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BA Art History and English Literature / Course details
Year of entry: 2021
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Course unit details:
Culture and Conflict: Neoliberalism and Cultural Production
|Unit level||Level 3|
|Teaching period(s)||Semester 2|
|Offered by||English and American Studies|
|Available as a free choice unit?||No|
Britain's experience of the transition to the kinds of neoliberal (ie. market-driven) policies which now dominate government agendas globally was one characterized by intense conflict, over economic organization (resulting in open class struggle), over Britain's national and postcolonial identity, and in relation to the value of subcultures. This period therefore witnessed both revolutionary change advanced by the political right and forms of resistance which posited alternative social possibilities. Culture and Conflict will look at the roles played by culture in relation to these conflicts, and will critically examine Marxist and post-Marxist theories which have attempted to make sense of such conflicts. In considering the ideological specificities of forms of cultural dissidence, attention will also be paid to the nature of the cultural institutions (eg. theatre, television, film production) in which that dissidence was developed.
- To introduce students to a range of Marxist/materialist cultural theory;
- To deploy this theoretical work in the analysis of aspects of British culture in the period in which neo-liberalism achieved hegemony (the period of Thatcher onwards);
- To encourage close reading of various forms of cultural production in relation to the larger ideological context of this period;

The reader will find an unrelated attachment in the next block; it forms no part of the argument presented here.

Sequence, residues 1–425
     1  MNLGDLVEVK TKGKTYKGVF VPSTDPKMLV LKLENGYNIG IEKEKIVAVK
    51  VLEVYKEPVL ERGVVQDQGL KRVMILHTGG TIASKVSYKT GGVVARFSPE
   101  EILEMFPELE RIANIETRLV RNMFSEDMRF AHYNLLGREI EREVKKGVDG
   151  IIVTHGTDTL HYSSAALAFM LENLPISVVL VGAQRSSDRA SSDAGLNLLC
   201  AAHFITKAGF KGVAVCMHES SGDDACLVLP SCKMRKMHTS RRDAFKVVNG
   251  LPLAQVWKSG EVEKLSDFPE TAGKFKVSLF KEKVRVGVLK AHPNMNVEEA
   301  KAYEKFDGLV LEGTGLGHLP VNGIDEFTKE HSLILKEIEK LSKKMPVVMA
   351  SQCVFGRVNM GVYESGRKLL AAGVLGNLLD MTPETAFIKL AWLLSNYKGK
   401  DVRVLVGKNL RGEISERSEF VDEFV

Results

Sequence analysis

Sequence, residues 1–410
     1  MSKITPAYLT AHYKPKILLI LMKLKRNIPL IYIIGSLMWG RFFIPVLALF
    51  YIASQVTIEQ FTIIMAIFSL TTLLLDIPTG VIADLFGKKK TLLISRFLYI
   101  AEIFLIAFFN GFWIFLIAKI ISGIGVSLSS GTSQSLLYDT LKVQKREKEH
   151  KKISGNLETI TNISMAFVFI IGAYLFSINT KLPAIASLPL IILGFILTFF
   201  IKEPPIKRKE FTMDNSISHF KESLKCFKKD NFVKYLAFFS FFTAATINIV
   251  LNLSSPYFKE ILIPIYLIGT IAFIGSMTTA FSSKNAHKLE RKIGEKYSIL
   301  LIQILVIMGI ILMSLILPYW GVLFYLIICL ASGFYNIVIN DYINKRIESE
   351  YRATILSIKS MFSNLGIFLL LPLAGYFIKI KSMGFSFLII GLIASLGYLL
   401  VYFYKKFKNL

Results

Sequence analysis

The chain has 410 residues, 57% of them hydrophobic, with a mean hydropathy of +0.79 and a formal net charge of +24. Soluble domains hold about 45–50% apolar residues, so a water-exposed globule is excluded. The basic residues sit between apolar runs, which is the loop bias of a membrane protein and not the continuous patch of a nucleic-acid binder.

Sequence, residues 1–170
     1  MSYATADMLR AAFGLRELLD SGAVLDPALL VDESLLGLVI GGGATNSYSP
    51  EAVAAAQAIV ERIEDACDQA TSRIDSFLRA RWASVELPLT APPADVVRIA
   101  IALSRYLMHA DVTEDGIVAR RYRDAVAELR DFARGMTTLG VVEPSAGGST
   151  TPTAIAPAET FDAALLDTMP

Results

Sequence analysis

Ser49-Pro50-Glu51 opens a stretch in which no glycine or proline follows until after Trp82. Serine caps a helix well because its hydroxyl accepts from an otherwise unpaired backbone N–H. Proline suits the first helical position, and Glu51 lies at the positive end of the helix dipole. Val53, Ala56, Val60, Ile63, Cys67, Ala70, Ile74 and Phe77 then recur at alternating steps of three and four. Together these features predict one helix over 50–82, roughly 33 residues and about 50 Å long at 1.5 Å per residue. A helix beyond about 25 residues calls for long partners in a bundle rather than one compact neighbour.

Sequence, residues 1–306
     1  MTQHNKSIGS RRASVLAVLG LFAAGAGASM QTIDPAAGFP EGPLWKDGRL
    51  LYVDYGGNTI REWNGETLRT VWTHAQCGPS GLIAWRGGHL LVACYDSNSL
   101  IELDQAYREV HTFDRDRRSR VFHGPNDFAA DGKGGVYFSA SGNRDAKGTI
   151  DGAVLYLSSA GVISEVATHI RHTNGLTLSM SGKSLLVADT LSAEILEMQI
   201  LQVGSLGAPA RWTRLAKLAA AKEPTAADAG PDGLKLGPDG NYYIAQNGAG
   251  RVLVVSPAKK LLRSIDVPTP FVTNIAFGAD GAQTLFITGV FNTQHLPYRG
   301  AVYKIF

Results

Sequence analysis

- To develop analyses of individual works in relation to the institutional contexts for cultural production in this period.
By the end of this course, the successful student should have:
- An understanding of a range of Marxist/post-Marxist Cultural Theory;
- The ability to deploy this theoretical material in the analysis of aspects of British culture of the period under consideration;
- An enhanced ability closely to analyze various forms of cultural production in relation to larger ideological contexts;
- An ability to discuss individual works in relation to their institutional contexts, and to relate both to dominant forces.
- Analytical skills
- Students taking this unit will be able to analyse and evaluate arguments and texts. Above all, committed students will emerge from this course unit with an advanced capacity to think critically, i.e. knowledgeably, rigorously, confidently and independently.
- Group/team working
- Students taking this unit will be able to work courteously and constructively as part of a larger group.
- On this unit students are encouraged to respond imaginatively and independently to the questions and ideas raised by texts and other media.
- Students on this unit must take responsibility for their learning and are encouraged not only to participate in group discussions but to do so actively and even to lead those discussions.
- Project management
- Students taking this unit will be able to work towards deadlines and to manage their time effectively.
- Oral communication
- Students taking this unit will be able to show fluency, clarity and persuasiveness in spoken communication.
- Students on this unit will be required to digest, summarise and present large amounts of information. They are encouraged to enrich their responses and arguments with a wide range of further reading.
- Written communication
- Students on this unit will develop their ability to write in a way that is lucid, precise and compelling.
|Portfolio of exercises||30%|
Written and face-to-face (upon arrangement)
|Independent study hours|
|David Alderson||Unit coordinator|